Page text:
Archaeologists May Be Closer to Finding Poet Federico García Lorca's Body
A newly discovered bullet may finally help locate the body of Federico García Lorca, the poet and playwright who is considered to be one of Spain’s most important 20th century writers. The bullet was found by archaeologists looking for clues of Lorca’s burial location near Granada, according to The Telegraph.
García Lorca was taken from his home in Granada and executed by fascist militants in 1936, during the outset of the Spanish Civil War. Even decades after his death, officials in dictator Francisco Franco’s government—which banned the author's works—refused to admit involvement in the murder, and much about his death remains a mystery. For years, archaeologists have been searching for his missing body, believed to be dumped in a well. The photo above is from a 2014 search.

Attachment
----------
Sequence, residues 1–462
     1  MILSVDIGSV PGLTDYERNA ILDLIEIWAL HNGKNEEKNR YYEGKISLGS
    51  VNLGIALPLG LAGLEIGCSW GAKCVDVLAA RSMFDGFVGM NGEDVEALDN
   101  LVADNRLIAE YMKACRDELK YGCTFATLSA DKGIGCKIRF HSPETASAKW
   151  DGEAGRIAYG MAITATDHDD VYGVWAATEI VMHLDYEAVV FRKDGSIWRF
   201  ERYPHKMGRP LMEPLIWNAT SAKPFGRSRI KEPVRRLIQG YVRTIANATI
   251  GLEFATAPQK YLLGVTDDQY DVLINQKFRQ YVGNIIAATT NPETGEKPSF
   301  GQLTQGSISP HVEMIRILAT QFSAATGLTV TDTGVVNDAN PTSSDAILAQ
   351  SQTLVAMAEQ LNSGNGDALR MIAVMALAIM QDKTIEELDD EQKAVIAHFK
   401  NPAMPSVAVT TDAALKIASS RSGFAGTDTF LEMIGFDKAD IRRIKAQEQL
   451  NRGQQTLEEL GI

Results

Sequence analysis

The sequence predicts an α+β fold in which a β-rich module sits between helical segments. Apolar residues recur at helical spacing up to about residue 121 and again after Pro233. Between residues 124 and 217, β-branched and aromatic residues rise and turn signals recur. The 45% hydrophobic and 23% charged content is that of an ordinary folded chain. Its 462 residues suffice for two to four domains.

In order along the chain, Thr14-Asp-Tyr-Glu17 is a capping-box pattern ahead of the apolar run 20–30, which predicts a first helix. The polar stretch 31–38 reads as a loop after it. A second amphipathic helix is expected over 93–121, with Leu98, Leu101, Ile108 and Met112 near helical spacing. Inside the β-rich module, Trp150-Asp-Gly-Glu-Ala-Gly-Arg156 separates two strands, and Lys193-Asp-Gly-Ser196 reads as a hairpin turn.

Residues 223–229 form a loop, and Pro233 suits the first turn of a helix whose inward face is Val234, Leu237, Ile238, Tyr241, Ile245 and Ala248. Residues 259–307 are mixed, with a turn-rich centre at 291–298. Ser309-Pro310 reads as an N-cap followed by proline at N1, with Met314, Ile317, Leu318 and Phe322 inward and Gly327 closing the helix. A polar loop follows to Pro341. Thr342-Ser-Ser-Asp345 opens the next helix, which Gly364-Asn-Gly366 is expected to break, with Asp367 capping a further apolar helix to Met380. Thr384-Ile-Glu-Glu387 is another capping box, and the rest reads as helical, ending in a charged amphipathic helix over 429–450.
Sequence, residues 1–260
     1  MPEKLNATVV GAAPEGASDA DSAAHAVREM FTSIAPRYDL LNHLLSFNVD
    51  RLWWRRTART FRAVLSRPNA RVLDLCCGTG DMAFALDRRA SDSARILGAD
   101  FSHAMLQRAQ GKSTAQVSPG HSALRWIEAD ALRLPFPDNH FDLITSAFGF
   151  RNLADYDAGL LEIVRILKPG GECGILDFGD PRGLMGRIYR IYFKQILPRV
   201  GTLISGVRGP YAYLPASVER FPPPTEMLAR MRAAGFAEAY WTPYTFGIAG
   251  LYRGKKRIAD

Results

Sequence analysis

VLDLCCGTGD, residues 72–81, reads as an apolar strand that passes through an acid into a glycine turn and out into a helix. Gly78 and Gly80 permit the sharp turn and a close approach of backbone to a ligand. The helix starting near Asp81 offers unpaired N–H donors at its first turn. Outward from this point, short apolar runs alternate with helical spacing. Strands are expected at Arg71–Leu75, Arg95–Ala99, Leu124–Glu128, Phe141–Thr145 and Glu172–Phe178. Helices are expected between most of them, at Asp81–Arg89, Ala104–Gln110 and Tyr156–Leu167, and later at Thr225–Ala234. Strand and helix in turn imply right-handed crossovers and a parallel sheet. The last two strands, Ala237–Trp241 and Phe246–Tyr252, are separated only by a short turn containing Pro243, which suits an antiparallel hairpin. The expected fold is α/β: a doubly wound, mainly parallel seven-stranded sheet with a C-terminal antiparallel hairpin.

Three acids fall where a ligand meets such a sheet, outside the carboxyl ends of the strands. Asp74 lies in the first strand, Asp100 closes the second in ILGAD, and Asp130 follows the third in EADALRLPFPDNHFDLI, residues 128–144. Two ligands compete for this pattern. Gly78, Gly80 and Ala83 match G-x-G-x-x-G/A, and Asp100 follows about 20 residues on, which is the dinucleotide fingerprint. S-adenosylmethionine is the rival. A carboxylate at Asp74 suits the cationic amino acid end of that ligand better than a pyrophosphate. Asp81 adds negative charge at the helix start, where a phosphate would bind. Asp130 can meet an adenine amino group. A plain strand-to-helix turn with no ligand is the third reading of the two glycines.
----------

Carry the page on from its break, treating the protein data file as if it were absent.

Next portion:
The bullet was found in early October near a town called Viznar, buried underground at what would have been ground level in 1936—before it was covered in more dirt as part of a plan to make the area into a soccer field. Volunteers have also found clues as to the location of two of three wells known to exist in the area, heightening the chances of finding García Lorca's remains. However, the excavation project is running low on funds, and García Lorca's family is opposed to exhuming his body, wherever it may be, putting a potential damper on any future discoveries.
Though he is the most famous example, his is not the only body still missing eight decades after the end of the civil war. There are an estimated 100,000 people still unaccounted for. There are more than 2000 mass graves from the war, according to a countrywide map and database released by the Spanish government in 2011.
[h/t The Telegraph]
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